Good Maintenance and Keeping Owners Happy

The AOPA Maintenance Working Group (WG) first met in October 2010 with one of the main objectives being to provide a forum for discussion of maintenance issues to the mutual benefit of aircraft owners and maintainers following the initial experience of both parties of EASA Part M. General Aviation for April 2011 carried an article describing the working group’s establishment and rationale in some detail.

Its Terms of Reference appear can be read here.

The WG also provided a convenient forum to air maintenance problems encountered by a small number of aircraft owners. These problems were those sufficiently vexatious for the owner to contact AOPA to seek help and in 2009 were running at about 30 per year. These have dropped significantly to more like 10 per year, possibly as a result of fewer hours being flown and possibly because of Part M itself. Considering that the 2 – 3000 aircraft owned or partly owned by AOPA members visit a maintainer for an annual or periodic regular check at least twice a year, the number of problems arising amounts to no more than a fraction of one percent. This clearly indicates a very high degree of owner satisfaction with their maintainer generally.

Nevertheless, the WG members decided it would be a good idea to draft a Code of Practice for Maintenance and Repair that they themselves follow and could be recommended to other light aircraft maintainers, especially in cases where aircraft change hands and the new owner transfers to a new maintainer. These light aircraft maintainer members are listed on the AOPA website. Then, if the new owner has had no previous dealings with the maintainer, the Code of Practice can be used to establish a basis for the maintenance organisation commitment to their customer future business relationship. 

When EASA Part M made its appearance on the maintenance scene, introducing new terms such as ‘CAMO’, several owners contacted AOPA asking for reader friendly explanations of the essential details, including the differences in maintenance procedures between Annex I and Annex II aircraft. One of the owner members of the WG, Brian Chambers, addressed this problem by producing this flow chart, which summarises the essential details and it is hoped that many AOPA owner members will find it helpful.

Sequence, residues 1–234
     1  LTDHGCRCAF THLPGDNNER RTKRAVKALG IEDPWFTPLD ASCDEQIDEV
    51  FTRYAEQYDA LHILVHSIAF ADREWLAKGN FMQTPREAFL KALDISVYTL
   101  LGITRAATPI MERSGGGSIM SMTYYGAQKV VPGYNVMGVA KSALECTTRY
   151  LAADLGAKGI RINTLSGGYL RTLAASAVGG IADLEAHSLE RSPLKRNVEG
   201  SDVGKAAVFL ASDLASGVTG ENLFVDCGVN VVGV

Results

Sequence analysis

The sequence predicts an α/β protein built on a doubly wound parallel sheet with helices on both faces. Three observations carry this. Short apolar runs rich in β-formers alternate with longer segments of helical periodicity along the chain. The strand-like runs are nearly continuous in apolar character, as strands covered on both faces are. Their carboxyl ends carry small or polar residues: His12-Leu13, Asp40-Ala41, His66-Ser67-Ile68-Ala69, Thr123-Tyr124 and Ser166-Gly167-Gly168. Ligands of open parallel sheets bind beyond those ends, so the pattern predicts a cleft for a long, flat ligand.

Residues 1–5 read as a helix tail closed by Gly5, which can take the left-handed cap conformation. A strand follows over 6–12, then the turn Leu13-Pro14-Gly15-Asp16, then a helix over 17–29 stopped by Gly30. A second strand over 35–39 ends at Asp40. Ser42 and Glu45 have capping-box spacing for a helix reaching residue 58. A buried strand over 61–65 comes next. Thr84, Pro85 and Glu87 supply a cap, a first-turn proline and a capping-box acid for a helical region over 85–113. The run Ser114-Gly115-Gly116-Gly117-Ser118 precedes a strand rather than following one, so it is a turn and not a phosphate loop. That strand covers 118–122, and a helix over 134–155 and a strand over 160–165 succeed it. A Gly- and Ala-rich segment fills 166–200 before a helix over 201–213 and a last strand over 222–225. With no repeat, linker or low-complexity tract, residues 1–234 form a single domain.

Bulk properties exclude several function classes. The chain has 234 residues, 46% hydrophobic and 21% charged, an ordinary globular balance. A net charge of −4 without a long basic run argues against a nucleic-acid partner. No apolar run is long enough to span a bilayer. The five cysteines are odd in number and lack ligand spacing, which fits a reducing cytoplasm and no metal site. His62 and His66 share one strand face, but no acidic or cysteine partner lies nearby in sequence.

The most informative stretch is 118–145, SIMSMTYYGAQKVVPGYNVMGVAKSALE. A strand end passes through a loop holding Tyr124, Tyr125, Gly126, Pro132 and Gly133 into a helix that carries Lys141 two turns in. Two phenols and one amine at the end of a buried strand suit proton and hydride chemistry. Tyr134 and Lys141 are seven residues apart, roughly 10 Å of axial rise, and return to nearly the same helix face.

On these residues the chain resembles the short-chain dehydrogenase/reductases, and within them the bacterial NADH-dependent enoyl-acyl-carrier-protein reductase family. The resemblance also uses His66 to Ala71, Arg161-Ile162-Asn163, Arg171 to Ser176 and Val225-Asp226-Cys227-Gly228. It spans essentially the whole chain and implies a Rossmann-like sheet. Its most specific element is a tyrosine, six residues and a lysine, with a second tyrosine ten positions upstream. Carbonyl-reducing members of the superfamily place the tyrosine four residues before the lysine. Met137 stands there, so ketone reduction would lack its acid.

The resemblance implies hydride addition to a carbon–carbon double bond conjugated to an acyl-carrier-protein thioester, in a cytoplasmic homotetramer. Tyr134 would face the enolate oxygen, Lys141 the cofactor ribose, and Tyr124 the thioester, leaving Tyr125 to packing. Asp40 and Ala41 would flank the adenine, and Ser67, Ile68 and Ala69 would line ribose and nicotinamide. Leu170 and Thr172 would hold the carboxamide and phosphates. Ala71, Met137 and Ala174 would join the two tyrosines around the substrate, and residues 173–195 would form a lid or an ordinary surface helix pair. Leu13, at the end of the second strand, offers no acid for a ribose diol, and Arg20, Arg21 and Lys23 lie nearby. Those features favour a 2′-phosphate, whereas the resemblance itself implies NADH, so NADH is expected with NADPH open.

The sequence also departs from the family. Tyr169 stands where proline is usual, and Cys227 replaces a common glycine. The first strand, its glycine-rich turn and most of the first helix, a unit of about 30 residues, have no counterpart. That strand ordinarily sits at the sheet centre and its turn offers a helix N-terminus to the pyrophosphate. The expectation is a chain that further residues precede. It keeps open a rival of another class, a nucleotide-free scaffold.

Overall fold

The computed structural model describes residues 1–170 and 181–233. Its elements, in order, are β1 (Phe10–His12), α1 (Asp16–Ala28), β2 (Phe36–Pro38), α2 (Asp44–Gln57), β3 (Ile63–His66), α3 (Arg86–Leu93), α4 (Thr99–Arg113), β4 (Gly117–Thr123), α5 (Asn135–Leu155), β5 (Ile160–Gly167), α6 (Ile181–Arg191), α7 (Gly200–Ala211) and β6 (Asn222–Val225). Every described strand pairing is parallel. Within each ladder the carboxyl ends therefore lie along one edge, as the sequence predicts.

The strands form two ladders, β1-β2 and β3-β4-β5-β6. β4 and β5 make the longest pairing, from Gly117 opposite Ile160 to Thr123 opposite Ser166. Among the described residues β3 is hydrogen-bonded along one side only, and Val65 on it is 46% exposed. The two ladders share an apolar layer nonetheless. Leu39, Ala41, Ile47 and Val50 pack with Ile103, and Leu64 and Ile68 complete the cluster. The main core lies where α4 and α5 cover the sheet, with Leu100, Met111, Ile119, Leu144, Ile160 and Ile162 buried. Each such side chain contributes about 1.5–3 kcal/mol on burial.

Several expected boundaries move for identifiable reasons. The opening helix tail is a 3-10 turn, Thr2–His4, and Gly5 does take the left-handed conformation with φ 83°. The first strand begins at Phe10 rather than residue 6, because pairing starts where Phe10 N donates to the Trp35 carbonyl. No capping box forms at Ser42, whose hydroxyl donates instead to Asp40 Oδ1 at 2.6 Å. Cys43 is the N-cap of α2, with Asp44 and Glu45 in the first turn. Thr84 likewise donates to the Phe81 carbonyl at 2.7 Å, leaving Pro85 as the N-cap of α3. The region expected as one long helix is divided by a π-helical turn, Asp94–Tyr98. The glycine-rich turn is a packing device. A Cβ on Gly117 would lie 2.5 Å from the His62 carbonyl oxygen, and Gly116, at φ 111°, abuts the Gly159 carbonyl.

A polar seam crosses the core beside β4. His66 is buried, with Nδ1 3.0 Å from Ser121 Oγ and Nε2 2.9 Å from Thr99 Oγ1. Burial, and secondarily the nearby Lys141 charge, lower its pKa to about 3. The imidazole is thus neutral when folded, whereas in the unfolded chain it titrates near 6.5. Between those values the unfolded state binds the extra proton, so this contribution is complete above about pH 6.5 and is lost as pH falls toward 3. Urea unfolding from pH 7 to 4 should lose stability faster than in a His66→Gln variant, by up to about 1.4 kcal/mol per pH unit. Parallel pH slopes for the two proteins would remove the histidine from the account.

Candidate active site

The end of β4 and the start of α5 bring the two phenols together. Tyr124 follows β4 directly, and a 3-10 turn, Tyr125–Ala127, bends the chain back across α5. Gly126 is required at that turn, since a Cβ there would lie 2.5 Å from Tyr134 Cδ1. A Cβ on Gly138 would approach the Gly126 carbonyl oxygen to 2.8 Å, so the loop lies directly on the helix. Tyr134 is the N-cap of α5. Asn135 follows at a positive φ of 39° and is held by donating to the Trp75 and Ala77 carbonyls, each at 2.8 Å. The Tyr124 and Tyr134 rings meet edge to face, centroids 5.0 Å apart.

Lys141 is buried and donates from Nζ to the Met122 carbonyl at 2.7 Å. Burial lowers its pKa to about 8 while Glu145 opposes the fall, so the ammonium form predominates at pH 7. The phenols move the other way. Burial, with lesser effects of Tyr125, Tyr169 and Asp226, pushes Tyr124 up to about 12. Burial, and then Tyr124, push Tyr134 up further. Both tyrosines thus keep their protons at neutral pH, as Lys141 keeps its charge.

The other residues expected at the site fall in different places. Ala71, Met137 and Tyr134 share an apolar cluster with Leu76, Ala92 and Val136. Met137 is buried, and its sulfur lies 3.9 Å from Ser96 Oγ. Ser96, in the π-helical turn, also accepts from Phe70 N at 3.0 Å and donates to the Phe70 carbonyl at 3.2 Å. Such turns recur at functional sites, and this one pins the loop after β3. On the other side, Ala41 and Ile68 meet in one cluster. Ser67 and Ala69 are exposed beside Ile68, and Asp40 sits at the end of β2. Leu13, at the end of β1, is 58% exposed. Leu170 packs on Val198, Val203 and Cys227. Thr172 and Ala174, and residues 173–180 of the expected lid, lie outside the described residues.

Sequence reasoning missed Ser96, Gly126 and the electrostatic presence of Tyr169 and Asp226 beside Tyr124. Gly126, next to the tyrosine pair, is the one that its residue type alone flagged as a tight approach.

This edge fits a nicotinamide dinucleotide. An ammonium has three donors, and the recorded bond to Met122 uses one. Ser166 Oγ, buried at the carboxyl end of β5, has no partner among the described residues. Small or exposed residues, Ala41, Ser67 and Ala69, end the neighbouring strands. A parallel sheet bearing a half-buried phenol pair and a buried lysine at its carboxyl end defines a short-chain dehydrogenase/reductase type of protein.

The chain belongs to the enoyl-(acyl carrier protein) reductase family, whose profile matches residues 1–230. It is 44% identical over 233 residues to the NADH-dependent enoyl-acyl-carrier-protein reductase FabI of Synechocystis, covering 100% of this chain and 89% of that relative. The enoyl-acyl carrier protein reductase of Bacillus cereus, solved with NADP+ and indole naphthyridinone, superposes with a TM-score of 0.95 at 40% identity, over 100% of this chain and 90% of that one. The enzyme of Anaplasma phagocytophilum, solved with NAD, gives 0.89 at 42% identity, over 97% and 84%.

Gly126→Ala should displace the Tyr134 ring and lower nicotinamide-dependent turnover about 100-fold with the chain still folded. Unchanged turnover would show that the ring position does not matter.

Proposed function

If you are a a maintainer and happy to indicate to a wider world that you are ‘signed up’ to the Code of Practice, then please email This email address is being protected from spambots. You need JavaScript enabled to view it. with your request, giving the following information :-

This statement (which you can copy and paste) :-

"Having read the Light Aircraft Maintenance Organisation Commitment to Customer that appears on the AOPA website, I am writing to confirm that our maintenance organisation agrees with the approach and that we will endeavour to work to these guidelines for all AOPA members who place the maintenance of their aircraft in our care.

We further agree that AOPA can list our company on the AOPA website and in other AOPA literature promoting the Commitment as a participating organisation until further notice."

Your Details :

  • Maintenance Organisation Name
  • Your Name
  • Your Position
  • Your full contact address

If you prefer to make your request by post, please send your letter to :-

         AOPA UK

         50a Cambridge Street


        SW1V 4QQ

You can view and download a sample request letter here.

All requests will be independently verified to ensure integrity. Once verfied, the Organisation name will be added to the list on the AOPA website.

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